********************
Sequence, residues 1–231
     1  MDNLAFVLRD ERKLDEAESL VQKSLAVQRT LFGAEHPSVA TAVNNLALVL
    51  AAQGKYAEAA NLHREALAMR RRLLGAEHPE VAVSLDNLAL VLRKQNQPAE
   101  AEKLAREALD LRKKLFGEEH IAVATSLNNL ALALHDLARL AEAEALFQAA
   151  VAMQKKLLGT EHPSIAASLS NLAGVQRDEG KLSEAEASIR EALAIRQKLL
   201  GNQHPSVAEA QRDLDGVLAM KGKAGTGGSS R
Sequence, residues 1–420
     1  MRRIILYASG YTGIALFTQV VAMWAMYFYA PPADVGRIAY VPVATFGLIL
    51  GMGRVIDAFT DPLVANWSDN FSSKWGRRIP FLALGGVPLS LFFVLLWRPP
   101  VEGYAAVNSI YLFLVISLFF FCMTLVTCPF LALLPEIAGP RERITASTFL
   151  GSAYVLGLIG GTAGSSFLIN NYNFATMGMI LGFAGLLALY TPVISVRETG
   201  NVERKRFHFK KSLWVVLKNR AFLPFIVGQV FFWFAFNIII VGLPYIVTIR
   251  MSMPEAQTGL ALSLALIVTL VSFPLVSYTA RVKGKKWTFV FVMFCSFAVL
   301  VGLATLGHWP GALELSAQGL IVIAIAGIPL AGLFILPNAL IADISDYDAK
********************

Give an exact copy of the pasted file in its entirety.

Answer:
Sequence, residues 1–231
     1  MDNLAFVLRD ERKLDEAESL VQKSLAVQRT LFGAEHPSVA TAVNNLALVL
    51  AAQGKYAEAA NLHREALAMR RRLLGAEHPE VAVSLDNLAL VLRKQNQPAE
   101  AEKLAREALD LRKKLFGEEH IAVATSLNNL ALALHDLARL AEAEALFQAA
   151  VAMQKKLLGT EHPSIAASLS NLAGVQRDEG KLSEAEASIR EALAIRQKLL
   201  GNQHPSVAEA QRDLDGVLAM KGKAGTGGSS R
Sequence, residues 1–420
     1  MRRIILYASG YTGIALFTQV VAMWAMYFYA PPADVGRIAY VPVATFGLIL
    51  GMGRVIDAFT DPLVANWSDN FSSKWGRRIP FLALGGVPLS LFFVLLWRPP
   101  VEGYAAVNSI YLFLVISLFF FCMTLVTCPF LALLPEIAGP RERITASTFL
   151  GSAYVLGLIG GTAGSSFLIN NYNFATMGMI LGFAGLLALY TPVISVRETG
   201  NVERKRFHFK KSLWVVLKNR AFLPFIVGQV FFWFAFNIII VGLPYIVTIR
   251  MSMPEAQTGL ALSLALIVTL VSFPLVSYTA RVKGKKWTFV FVMFCSFAVL
   301  VGLATLGHWP GALELSAQGL IVIAIAGIPL AGLFILPNAL IADISDYDAK